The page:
'Sticky Attention' and the Development of Impaired Social Orienting and Atypical Arousal Regulation in Infants at High Risk for ASD

Saturday, May 13, 2017: 12:00 PM-1:40 PM
Golden Gate Ballroom (Marriott Marquis Hotel)
B. Keehn1, J. B. Wagner2, H. Tager-Flusberg3 and C. A. Nelson4, (1)Purdue University, West Lafeyette, IN, (2)College of Staten Island, CUNY, Staten Island, NY, (3)Psychological and Brain Sciences, Boston University, Boston, MA, (4)Boston Children's Hospital, Boston, MA
Background: Flexibly shifting attention – disengaging from a current locus and shifting attention to a new object or event within the environment – plays an important role in the development of both social orienting and arousal regulation. In infants at high risk for autism (HRA), slowed attentional disengagement is one of the earliest impairments reported, and is associated with a later diagnosis of the autism spectrum disorder (ASD). Thus, early deficits in disengagement may contribute to the atypical development of social orienting and/or arousal regulation, and play an important role in the emergence of ASD.

Objectives: To investigate the association between attentional disengagement, measured at 6 months, and development of social orienting and arousal modulation, measured at 12, 18, and 24 months, in HRA (with and without a later diagnosis of ASD) and low-risk comparison (LRC) infants.

Methods: Infants completed visits at 6, 12, 18, and 24 months of age. An eye-tracking paradigm was used to assess the speed of attentional disengagement at 6 months (n=35 HRA; n=42 LRC). Latency to disengage attention was measured as the time necessary to shift attention from a central fixation (i.e., a face) to a peripheral target. Social orienting abilities were assessed using three observational measures, the Communication and Symbolic Behavior Scales (CSBS) and the Autism Observation Scales for Infants at 12 months, and the Autism Diagnostic Observation Schedule at 18 and 24 months, as well as the CSBS parent-report questionnaire at 12 and 18 months. Arousal regulation was measured using a series of parent-report questionnaires: the Infant Behavior Questionnaire at 12 months, the Toddler Behavior Assessment Questionnaire at 18 and 24 months, and the Infant Toddler Social Emotional Assessment at 12, 18, and 24 months. Items and subscales from these measures were standardized and averaged to create social orienting and arousal regulation composite scores at 12, 18, and 24 months.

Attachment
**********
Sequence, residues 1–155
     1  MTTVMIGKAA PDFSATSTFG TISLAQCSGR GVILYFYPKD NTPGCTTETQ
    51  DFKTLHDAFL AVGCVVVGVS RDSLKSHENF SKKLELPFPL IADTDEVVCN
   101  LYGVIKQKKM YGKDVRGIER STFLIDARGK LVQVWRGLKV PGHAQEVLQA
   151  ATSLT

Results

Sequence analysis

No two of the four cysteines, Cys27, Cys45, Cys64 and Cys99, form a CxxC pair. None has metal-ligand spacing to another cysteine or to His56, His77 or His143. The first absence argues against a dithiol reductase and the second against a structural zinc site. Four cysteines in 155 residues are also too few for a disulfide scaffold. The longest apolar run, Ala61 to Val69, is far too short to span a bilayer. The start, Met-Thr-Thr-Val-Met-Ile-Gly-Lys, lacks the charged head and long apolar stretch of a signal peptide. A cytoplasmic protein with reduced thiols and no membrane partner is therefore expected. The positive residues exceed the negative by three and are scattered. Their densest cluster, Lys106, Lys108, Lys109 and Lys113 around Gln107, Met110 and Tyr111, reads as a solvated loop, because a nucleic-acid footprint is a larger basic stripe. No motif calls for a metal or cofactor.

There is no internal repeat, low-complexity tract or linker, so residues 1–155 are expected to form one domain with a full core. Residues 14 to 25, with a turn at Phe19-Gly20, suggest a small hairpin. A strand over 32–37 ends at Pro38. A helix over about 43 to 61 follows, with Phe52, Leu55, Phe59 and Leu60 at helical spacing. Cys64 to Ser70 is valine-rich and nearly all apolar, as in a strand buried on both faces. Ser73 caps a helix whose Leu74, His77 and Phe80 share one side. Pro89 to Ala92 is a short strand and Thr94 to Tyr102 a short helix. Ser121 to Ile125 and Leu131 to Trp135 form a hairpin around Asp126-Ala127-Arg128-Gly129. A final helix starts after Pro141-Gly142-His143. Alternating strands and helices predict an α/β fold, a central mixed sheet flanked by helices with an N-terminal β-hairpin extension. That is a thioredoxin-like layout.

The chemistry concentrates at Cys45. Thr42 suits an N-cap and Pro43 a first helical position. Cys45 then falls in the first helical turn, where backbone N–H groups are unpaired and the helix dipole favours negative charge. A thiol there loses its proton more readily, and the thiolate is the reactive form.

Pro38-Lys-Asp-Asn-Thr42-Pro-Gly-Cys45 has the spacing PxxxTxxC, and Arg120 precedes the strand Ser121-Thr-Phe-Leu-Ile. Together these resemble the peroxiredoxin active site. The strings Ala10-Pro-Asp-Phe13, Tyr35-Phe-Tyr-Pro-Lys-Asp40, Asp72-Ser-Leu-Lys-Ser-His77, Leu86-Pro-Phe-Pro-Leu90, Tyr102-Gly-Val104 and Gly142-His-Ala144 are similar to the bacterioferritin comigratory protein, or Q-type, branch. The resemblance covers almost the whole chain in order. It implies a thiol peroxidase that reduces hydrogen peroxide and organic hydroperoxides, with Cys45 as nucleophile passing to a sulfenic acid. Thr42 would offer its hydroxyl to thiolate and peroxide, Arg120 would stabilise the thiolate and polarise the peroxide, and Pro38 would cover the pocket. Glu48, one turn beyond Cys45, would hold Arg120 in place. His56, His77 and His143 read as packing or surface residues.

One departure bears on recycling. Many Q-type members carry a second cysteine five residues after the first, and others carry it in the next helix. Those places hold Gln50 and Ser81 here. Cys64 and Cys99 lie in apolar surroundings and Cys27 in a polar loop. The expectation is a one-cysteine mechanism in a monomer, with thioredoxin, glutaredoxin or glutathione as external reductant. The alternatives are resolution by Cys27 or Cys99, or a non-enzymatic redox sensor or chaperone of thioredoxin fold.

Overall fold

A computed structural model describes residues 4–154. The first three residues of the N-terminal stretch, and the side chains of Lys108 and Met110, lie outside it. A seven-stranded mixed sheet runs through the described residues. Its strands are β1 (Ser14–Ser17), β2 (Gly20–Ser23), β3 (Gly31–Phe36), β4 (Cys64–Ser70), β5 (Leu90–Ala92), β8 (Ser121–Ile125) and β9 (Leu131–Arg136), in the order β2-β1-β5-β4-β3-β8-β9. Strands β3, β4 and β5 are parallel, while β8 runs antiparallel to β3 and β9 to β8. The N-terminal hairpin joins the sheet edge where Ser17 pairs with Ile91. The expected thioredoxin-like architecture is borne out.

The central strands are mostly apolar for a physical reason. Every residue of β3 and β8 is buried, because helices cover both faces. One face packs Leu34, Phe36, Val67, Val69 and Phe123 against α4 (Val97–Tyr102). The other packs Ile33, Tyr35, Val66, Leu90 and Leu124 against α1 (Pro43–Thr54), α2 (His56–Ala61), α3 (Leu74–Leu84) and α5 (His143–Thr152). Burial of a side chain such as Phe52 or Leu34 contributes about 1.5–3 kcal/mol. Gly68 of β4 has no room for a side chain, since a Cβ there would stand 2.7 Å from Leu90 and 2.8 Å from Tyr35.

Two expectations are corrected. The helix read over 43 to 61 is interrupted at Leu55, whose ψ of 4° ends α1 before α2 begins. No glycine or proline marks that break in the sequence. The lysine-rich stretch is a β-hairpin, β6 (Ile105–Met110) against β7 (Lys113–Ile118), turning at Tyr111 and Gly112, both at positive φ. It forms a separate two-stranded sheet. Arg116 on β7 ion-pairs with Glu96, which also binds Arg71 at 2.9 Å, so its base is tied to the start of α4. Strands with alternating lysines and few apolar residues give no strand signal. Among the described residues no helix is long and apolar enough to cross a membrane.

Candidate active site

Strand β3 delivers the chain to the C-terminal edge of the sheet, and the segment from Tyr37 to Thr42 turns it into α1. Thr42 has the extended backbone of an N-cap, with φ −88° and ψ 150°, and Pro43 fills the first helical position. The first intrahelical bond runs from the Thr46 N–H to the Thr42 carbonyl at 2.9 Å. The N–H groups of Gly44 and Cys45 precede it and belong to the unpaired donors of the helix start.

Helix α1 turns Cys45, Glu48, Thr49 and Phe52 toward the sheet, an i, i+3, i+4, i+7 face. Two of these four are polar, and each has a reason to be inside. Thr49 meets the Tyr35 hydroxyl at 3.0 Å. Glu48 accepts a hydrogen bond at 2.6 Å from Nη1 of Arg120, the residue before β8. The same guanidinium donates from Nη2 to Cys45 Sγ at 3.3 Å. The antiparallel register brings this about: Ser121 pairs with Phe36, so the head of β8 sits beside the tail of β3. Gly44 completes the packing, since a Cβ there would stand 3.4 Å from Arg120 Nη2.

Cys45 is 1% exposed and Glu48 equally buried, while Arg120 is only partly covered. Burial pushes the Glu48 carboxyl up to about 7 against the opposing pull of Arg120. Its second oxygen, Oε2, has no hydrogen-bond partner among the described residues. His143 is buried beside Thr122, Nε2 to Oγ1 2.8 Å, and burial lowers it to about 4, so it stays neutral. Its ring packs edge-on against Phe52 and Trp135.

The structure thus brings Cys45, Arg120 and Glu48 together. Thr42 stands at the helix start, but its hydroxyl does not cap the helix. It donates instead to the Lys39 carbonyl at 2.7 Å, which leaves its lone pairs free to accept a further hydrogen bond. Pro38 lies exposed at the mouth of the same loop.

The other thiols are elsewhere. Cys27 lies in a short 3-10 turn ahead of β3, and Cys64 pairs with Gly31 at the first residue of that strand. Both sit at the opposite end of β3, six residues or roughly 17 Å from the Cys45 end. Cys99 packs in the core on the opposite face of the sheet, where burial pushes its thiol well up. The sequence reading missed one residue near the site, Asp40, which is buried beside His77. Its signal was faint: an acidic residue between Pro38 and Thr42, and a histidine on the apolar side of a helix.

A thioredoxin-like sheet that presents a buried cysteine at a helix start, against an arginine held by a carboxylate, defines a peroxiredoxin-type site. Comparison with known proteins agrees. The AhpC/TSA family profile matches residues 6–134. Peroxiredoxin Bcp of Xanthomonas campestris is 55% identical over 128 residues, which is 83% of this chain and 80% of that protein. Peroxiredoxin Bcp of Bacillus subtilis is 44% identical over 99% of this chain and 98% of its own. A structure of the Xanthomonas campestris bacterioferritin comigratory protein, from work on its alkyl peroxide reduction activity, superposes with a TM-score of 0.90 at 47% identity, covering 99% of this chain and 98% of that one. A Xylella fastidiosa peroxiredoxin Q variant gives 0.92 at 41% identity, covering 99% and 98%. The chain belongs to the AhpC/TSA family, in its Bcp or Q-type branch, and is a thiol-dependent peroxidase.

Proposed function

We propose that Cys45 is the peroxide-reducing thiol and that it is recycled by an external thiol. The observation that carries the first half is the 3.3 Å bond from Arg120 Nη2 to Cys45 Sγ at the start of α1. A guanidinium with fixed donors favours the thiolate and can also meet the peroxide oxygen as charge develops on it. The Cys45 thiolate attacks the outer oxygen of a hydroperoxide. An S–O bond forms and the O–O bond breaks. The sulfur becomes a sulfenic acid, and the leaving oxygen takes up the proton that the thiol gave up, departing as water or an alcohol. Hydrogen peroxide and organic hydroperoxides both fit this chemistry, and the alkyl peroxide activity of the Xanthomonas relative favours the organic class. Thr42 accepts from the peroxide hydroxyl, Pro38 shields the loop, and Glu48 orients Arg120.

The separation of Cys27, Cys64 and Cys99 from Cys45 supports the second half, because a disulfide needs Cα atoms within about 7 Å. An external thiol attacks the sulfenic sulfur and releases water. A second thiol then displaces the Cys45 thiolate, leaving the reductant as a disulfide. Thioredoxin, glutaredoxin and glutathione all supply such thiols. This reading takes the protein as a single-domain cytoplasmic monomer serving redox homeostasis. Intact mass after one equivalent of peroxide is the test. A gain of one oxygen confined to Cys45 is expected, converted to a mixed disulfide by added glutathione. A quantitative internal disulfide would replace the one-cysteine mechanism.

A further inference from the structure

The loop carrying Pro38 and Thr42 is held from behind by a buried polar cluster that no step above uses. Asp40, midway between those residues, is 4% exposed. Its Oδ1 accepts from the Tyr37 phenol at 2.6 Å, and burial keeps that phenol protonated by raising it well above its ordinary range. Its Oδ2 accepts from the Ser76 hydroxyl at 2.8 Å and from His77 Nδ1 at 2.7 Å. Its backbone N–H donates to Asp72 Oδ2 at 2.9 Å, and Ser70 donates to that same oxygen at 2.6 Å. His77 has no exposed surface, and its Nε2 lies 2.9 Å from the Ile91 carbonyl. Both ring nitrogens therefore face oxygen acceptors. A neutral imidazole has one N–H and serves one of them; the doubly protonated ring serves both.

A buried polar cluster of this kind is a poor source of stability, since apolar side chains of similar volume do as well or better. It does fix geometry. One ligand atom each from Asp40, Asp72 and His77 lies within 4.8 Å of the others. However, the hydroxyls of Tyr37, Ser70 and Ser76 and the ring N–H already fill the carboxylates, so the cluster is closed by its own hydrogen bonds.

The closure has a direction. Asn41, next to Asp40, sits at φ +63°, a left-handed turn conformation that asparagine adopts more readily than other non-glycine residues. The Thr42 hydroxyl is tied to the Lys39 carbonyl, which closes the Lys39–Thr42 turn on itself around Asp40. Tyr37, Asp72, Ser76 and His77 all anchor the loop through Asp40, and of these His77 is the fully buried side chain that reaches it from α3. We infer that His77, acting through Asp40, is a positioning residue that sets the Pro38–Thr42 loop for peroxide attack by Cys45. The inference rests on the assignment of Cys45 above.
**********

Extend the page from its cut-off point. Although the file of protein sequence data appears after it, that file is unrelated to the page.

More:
Results: Latency to disengage attention at 6 months did not differ significantly between HRA and LRC groups. For the LRC group, but not the HRA group, faster disengagement latency at 6 months was associated with better social orienting abilities at 12 months, r(31) = .53, p<.01 (see Figure 1). For the HRA group, but not the LRC group, slower attentional disengagement was related to poorer arousal regulation at 12 months, r(33) = .59, p<.01, 18 months, r(28) = .54, p<.01, and 24 months, r(26) = .47, p<.05.

Conclusions: Efficient attentional disengagement is vital for the adaptive allocation of attention (e.g., sharing attention with a communicative partner) and facilitates early arousal regulation (e.g., shifting attention away from an over-arousing stimulus). Preliminary results suggest that faster attentional disengagement is associated with more skillful social orienting abilities at 12 months in LRC but not HRA infants. In contrast, for the HRA group, increased latency to disengage attention was associated with greater aversion to novelty and difficulties in regulating arousal. Our findings suggest that atypical attentional disengagement may have sequelae that, in combination with other primary disturbances, contribute to the emergence of the ASD phenotype.